by "Grog" (Alan W. Grogono), Professor Emeritus, Tulane University Department of Anesthesiology

The Computing Techniques

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Computing

Page Index

Acid-Base Equations
Computing Strategy
Diagnostic Zones
Java Applets
Modified Henderson Equation
Objective of the Algorithm
Technique for the text Interpretations
Using the Acid-Base Diagram Applet
Using the Modified Henderson Equation Applet
Using the pH Playground Applet
Design Considerations for the Algorithm
Characteristic Zones
Close to Normal
Color Changes for Graph
Component Precedence
Describing Magnitude
Metabolic Measurement Comparison
Sentence Structure
Style for Additive Changes
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Introduction:

If you're not interested in mathematics or computer programs, you have probably read too far already!

The section describes the logic utilized to generate the text reports. as well as the development of the necessary equations and iterative subroutines required to convert the raw data into the diagrams on the screen.

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Technique for the text Interpretations

1. Mathematics. See the Equations below. The pH and PCO2 are used to calculate:
2. Radial Search. See the Computing Strategy below. The Acid-Base diagram is searched to find:
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Diagnostic Zones

This diagram shows the radial zones employed to generate the sentence fragments. Radiating out from the center are the rectangles which determine the choice of adjective to describe the magnitude of the respiratory and metabolic components. Each zone is numbered. The numbers correspond to the radial search used to choose a code which generate the Sentence Fragments.

For the six Classical Zones an extra phrase or sentence is added describing the selected typical zone.

Typical Zones:

The Rectangles which Determine the Adjectives

The expanding family of rectangles determine the choice of adjectives used to describe the degree of acidosis and alkalosis. Normal; Minimal; Mild; Moderate; Marked; Severe. The corners of these rectangles corresponds to the slope for pH = 7.4.

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To Simulate Human Report

Objective of the Algorithm.

The intention behind this reporting algorithm was to produce reports with a style and a range of distinctions to which a human being might aspire when writing Acid-Base reports. Each report, or even a small series of reports, should appear to be "human". However, because no random variation is included, there is no pretense that a longer series of reports might be mistaken as actually coming from a human hand.

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Radial Search & Characterize Magnitude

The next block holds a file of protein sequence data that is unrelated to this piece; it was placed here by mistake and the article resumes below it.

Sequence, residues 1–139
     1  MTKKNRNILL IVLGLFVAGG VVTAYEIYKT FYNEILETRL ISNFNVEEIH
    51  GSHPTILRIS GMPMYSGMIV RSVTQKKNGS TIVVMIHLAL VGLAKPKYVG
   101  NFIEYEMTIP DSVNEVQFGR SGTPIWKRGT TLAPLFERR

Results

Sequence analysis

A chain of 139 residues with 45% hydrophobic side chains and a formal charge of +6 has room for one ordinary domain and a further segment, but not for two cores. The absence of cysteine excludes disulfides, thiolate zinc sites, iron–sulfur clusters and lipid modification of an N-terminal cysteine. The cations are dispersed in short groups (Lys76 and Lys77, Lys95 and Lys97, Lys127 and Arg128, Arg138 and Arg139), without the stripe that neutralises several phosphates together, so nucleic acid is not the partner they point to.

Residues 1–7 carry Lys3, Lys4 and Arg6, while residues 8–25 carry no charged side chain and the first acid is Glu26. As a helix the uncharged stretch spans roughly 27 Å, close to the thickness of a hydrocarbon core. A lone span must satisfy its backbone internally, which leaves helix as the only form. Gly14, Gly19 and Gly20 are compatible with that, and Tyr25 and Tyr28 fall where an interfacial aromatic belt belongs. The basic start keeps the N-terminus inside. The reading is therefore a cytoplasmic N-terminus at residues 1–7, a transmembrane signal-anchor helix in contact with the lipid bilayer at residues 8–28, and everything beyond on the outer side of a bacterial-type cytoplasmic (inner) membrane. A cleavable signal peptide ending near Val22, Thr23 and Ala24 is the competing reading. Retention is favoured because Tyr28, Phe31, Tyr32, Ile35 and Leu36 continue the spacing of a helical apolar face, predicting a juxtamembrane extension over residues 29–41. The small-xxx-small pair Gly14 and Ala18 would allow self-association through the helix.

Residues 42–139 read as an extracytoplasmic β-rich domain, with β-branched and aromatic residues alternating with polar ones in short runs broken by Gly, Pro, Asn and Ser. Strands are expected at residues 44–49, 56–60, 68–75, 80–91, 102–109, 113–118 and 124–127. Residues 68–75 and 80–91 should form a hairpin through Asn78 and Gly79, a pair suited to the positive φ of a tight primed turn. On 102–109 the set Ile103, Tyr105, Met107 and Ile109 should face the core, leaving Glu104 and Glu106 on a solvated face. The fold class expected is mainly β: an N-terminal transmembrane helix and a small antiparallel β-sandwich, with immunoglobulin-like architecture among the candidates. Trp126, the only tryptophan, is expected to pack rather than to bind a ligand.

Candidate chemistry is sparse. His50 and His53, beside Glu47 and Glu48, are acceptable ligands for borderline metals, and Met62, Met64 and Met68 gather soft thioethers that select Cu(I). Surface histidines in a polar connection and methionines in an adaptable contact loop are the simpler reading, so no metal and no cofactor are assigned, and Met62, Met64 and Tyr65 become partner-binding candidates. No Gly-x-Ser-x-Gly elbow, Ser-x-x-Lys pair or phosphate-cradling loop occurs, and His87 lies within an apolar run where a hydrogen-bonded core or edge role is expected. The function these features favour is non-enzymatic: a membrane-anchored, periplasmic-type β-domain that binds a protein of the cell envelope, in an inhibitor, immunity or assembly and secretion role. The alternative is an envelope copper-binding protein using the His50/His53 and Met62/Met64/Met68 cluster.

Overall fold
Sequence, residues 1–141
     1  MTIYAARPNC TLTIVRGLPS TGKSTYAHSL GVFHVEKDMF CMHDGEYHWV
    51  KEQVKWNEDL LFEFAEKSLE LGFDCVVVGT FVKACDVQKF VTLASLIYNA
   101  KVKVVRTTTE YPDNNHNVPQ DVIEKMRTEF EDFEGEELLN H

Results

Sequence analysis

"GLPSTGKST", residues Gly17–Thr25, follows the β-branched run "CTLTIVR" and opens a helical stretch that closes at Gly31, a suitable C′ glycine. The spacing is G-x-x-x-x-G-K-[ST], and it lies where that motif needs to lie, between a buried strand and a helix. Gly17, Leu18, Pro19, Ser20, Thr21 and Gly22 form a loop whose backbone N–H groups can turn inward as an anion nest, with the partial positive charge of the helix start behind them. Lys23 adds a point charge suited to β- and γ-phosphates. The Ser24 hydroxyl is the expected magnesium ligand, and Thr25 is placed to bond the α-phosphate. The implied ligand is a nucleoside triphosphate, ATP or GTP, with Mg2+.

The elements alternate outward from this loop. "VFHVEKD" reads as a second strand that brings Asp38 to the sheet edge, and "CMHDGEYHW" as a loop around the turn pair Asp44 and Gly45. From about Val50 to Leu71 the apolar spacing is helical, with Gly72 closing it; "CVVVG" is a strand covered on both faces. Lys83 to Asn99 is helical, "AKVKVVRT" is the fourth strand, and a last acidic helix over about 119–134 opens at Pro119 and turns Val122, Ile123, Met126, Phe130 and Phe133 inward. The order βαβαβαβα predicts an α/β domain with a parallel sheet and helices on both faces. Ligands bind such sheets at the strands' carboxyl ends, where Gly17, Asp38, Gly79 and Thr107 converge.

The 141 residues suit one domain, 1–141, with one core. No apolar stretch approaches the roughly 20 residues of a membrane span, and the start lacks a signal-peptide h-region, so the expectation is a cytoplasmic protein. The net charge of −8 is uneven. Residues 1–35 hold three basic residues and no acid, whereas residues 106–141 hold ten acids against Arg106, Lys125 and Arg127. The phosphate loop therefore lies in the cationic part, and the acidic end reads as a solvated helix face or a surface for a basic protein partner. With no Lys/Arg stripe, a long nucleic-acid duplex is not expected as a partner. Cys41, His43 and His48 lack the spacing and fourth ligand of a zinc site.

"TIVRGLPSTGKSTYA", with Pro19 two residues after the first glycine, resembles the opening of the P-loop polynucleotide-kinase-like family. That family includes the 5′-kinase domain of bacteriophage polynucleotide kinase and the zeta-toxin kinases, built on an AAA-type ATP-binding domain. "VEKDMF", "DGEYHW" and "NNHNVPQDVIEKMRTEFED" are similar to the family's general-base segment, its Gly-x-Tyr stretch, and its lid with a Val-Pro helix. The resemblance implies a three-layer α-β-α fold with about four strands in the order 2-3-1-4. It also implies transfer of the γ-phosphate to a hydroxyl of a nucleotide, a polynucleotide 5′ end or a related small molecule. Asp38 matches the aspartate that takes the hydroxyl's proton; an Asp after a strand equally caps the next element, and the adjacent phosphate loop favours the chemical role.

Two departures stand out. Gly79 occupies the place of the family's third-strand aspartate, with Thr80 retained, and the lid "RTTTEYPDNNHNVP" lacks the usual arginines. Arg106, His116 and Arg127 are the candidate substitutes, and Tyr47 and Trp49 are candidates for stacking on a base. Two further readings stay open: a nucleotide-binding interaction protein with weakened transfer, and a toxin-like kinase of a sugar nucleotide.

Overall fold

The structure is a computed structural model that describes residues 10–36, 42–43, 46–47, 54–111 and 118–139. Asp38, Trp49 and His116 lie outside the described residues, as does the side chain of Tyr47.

Computing Strategy.

The computer program conducts a radial search of the diagram to determine which sector (1 - 29) contains the result. The sector corresponds to a stored numerical sequence, each number in which corresponds to a sentence fragment in the final report. Two additional numbers govern the adjectives which describe the magnitude of the respiratory and metabolic components; these numbers are derived from the location either inside or outside the central rectangles ( A - E) and are inserted at the appropriate point in the numerical sequence. A final descriptive phrase is included when the location is characteristic of a chronic or an acute disturbance.

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[H+] (30.17 + BE) = 22.63 (PCO2 + 13.33)

Grogono Equation.

These are the equations used to obtain a first approximations, e.g., to obtain bic from BE and PCO2.

[H+] x (30.17 + BE) = 22.63 x (PCO2 + 13.33) (Grogono et al, 1976)

bic = (BE + 30.17) / (0.94292 + 12.569 / PCO2)

The equation for the bicarbonate generates a quick approximation so that an iterative process can then obtain a final accurate value. Without an initial good approximation, the iteration achieved divergence instead of approximation!

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BE = 0.9287 * bic + 13.77 * pH - 124.58

Siggaard Andersen Equation.

It is a pleasure to thank Dr. Severinghaus for giving me these equations which are used in iterative procedures to obtain successively better approximations

SBE = 0.9287 (bic - 24.4 + 14.83 (pH - 7.4)), which can be simplified to:

BE = 0.9287 * bic + 13.77 * pH - 124.58

bic = BE/0.9287 - 14.83 * pH +134.142

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[H+] x [HCO3-] = 24 x PCO2

Modified Henderson Equation.

This is the equation used to derive [HCO3-] from pH and PCO2.

[H+] x [HCO3-] = 24 x PCO2

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Java Applet

Iterative Procedure.

The following Java Code shows how these equations were employed to derive accurate bicarbonate values from PCO2 and BE:

    double PCO2andBEtoBIC() {
        bic = (BE + 30.17) / (0.94292 + 12.569 / PCO2); // bic approximation via Grogono equation
        for (int i=0;i<6;i++) { // iterative procedure six times
            H = BICandPCO2toH(); // [H+] via Modified Henderson Equation
            bic = (bic + BEandHtoBIC())/2; // split old value and new Siggaard-Anderson
        }
        return bic; // return bic
    }
 
    double BEandPHtoPCO2() {
        return Math.exp((9-pH)*2.302585) * ((BE -13.77 * pH +124.578)/0.9287) / 24;   //Siggaard-Anderson
    }
 
    double BICandPCO2toH() {
        return (24*PCO2/bic); //Modified Henderson Equation
    }
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Computing Strategy

Algorithm Design.

Respiratory/Metabolic Precedence: